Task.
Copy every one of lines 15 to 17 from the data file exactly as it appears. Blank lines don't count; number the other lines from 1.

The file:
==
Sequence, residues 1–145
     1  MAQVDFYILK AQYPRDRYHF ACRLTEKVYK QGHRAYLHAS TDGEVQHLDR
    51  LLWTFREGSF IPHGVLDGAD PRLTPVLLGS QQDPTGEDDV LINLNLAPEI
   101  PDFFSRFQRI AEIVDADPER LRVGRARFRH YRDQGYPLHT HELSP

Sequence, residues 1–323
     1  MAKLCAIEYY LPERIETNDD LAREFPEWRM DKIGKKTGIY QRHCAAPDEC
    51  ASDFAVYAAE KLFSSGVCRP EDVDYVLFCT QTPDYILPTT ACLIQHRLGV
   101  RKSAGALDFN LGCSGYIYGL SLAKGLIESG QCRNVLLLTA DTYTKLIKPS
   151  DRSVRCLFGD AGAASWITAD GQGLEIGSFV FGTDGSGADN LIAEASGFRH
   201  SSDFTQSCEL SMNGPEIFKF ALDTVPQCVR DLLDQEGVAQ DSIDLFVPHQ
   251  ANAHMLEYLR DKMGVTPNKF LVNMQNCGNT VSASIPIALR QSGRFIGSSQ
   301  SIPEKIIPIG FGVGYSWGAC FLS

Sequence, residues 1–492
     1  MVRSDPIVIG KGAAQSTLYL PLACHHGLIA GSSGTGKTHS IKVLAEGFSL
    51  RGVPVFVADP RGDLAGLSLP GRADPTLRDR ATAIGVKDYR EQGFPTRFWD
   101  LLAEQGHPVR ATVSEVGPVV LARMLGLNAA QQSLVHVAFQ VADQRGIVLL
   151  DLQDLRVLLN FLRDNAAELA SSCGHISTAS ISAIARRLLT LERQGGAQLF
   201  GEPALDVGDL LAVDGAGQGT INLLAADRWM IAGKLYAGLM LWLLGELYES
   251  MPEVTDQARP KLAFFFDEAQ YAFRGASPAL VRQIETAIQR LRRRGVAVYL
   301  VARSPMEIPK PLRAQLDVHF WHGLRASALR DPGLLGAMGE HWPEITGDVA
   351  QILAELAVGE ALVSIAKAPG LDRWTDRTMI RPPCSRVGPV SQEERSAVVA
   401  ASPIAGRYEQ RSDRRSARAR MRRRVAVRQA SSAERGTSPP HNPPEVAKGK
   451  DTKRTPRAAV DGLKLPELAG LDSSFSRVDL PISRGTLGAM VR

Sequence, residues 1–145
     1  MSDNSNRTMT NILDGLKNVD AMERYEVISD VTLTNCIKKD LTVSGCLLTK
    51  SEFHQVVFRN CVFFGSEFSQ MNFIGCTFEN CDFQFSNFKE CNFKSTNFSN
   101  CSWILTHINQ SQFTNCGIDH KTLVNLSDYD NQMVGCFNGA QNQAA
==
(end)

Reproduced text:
    51  RGVPVFVADP RGDLAGLSLP GRADPTLRDR ATAIGVKDYR EQGFPTRFWD
   101  LLAEQGHPVR ATVSEVGPVV LARMLGLNAA QQSLVHVAFQ VADQRGIVLL
   151  DLQDLRVLLN FLRDNAAELA SSCGHISTAS ISAIARRLLT LERQGGAQLF